What makes this latest hit piece by Leon particularly comical though is that the only other candidate who actually supported McCain-Kennedy was one of its co-sponsors:

Immigration may pose an especially thorny problem. In March, Brownback broke with most of his fellow Republicans on the Judiciary Committee to vote for the McCain-Kennedy immigration bill, which would put today's illegal aliens on a path to citizenship. The senator has likened his own position to Reagan's, though it is hard to believe that many conservatives view the 1986 immigration law (which granted amnesty to nearly 3 million illegal aliens) as a high point of Reagan's presidency. "I see tension in our party between showing compassion and enforcing our laws," says Brownback. "We also have to recognize that there is a lot of work where it's hard to find Americans who will do it, such as meatpacking, which is a physically demanding and dangerous job." He therefore believes a guest-worker program is necessary. His approval of the McCain-Kennedy bill in committee unleashed a torrent of conservative criticism: Mark Krikorian of the Center for Immigration Studies, a restrictionist group, dubbed him "Amnesty Sam," and Human Events Online, the website of the weekly newspaper, declared in a headline, "Brownback Can Kiss '08 Run Goodbye."

Whoops.

I'm not a South Park Republican, I'm a King of the Hill libertarian.

1. You were given an instruction in another thread. Your next comment needs to be a response to it.

2. I did in fact listen to the audio, it's a shame you can't read. From the OP, they are the "proposals and issues presented by McCain-Kennedy" and

he knew that it "required illegal immigrants to register with the government, work for years, pay taxes, not take public benefits, and pay a fine before applying for citizenship." Add to this that illegal immigrants were required to learn English and pass a history exam, and that's McCain-Kennedy.

Further, the September 2006 AP article makes it clear that it's McCain's proposal that he was specifically supporting. So, nice try.

No one's disputing that Brownback supported McCain-Kennedy - I've written about it extensively here before. IN fact, I myself support it. So, sorry your little "gotcha" didn't work out nearly so well as you hoped. The difference is that my candidate is not now trying to pretend that McCain-Kennedy was something that it was not in order to pander to primary voters.

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[F]or by the fundamental law of Nature, man being to be preserved as much as possible, when all cannot be preserved, the safety of the innocent is to be preferred...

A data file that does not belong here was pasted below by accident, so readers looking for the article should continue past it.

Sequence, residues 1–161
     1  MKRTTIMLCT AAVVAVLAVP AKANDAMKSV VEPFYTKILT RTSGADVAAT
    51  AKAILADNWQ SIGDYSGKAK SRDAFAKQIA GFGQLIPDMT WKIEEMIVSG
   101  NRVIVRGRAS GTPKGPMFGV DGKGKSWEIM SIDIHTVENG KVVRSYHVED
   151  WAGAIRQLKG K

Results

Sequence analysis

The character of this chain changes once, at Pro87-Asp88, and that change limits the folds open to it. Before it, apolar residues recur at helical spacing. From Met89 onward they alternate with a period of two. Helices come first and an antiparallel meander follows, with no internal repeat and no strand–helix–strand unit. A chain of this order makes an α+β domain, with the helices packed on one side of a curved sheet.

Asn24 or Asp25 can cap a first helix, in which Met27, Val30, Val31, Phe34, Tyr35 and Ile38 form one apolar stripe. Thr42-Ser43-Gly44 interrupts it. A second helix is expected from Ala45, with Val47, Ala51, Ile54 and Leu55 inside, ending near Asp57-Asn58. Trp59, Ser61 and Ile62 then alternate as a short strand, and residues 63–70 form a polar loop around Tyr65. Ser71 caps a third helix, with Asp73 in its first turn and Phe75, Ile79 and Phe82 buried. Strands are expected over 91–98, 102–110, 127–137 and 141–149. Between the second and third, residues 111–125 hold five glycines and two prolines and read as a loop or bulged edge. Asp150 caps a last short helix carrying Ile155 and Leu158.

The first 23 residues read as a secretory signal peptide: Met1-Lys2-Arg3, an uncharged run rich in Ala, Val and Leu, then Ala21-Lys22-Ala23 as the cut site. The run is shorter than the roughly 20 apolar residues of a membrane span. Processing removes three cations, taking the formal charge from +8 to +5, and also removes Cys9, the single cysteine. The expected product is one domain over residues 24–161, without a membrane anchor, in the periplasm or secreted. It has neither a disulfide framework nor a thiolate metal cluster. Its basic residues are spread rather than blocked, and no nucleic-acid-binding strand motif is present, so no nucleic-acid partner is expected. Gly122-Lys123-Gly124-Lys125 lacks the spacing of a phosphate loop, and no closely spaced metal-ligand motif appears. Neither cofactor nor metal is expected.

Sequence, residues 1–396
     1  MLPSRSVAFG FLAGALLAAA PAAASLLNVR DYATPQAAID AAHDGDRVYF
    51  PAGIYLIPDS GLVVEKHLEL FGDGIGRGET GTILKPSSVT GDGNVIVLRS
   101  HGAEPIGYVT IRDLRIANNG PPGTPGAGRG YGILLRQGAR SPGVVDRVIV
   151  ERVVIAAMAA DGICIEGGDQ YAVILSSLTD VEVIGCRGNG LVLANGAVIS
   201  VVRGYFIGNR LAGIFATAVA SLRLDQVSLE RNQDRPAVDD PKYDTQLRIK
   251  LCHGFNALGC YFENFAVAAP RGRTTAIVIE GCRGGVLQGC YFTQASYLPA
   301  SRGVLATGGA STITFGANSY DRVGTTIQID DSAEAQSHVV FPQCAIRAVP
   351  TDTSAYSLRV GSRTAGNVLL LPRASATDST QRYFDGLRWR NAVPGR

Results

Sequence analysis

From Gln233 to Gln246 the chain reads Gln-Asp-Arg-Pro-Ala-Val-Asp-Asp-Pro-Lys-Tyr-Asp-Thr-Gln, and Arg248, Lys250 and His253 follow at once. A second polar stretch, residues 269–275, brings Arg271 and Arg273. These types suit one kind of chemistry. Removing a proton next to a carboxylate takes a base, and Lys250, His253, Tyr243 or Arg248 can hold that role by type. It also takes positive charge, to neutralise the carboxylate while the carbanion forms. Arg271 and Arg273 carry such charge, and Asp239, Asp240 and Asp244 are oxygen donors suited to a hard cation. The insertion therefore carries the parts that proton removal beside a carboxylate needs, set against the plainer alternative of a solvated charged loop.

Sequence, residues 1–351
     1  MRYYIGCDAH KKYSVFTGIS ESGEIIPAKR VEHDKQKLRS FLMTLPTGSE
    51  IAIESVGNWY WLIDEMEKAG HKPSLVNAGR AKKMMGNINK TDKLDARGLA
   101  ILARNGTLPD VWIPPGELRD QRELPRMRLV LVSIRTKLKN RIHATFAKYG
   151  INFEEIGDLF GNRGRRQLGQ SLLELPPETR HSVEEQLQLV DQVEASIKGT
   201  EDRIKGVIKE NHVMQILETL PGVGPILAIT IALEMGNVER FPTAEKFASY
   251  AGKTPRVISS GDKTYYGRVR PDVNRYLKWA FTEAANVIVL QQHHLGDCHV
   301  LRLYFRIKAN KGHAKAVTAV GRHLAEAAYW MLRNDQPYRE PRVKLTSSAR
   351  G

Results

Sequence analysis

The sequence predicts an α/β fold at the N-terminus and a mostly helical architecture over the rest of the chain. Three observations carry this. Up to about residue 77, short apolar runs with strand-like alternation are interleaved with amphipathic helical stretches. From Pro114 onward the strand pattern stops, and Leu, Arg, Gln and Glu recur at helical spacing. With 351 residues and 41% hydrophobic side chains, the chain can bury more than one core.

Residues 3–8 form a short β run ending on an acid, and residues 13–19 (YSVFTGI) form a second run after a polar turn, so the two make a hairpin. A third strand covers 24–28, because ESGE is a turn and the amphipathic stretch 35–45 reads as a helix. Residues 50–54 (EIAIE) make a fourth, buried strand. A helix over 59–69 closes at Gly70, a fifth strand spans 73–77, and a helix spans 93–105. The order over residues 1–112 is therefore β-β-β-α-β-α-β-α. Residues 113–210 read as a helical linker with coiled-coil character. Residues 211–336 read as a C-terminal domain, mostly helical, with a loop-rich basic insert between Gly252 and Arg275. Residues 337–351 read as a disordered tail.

-John Locke

Further, the September 2006 AP article makes it clear that it's McCain's proposal that he was specifically supporting. So, nice try.

Read it again, there is nothing in the September 2006 AP article in which Romney even mentions McCain. In fact, as has already been pointed out in earlier discussions, Romney was rather clear that he didn’t know the specifics of the McCain-Kennedy but instead focused his comments on specific proposals that he supported:

Asked for his views on the immigration bill the Senate is now debating, Romney said he did not know the details, but said of the estimated 11 million illegal immigrants, “Let’s have them registered, know who they are, those who’ve been arrested or convicted of crimes shouldn’t be here. Those who are here paying taxes, and not taking government benefits, should begin a process toward an application for citizenship as they would from their home country.”

He added, “I don’t believe in rounding up 11 million people and forcing them at gunpoint from our country. I do believe in insisting that these individuals learn English, pay taxes, and don’t take government benefits.”

Romney wants to smooth the way for more highly-skilled immigrants. “If you graduated at the top of your class at the India Institute of Technology, welcome to the fast track to become a citizen of the US of A. We need your brain power.”

Not much of a “flip.”

I'm not a South Park Republican, I'm a King of the Hill libertarian.

1. Blam. I know your personal makeup probably makes apologies difficult, but it was made clear that this was not a request, and that your next comment needed to address it. Better luck in other pastures.

2. We're clearly reading two different AP articles, as the one I'm reading (which you linked to) said this:

Meantime, one of McCain's potential rivals for the GOP nomination, Massachusetts Gov. Mitt Romney, has made it known that he supports the president's immigration position, saying that Republicans who have broken rank with Bush "made a big mistake."

The Bush administration, you will recall, announced support for comprehensive immigration reform, which became McCain-Kennedy. In fact, opponents of the bill took to calling it Bush-McCain-Kennedy. That's what was under consideration in September of 2006, even though Romney himself doesn't mention McCain, that's the proposal he was discussing.

It's further absurd of you to claim that he didn't know what the bill involved since, according to the interview, he knew full well that it involved
1. A waiting period of good activity
2. A fine
3. Payment of back taxes
4. Registration with the government (presumably in a database)
5. Application for citizenship

All of this he knew off the top of his head, and they are all the major aspects of McCain-Kennedy. The only thing he didn't mention were:
6. Learning English
7. Passing a civics exam

All of which makes McCain-Kennedy more difficult, not less, than what he was describing. So for him to say, "Gosh, I just didn't know what the bill contained!" Is pretty ridiculous.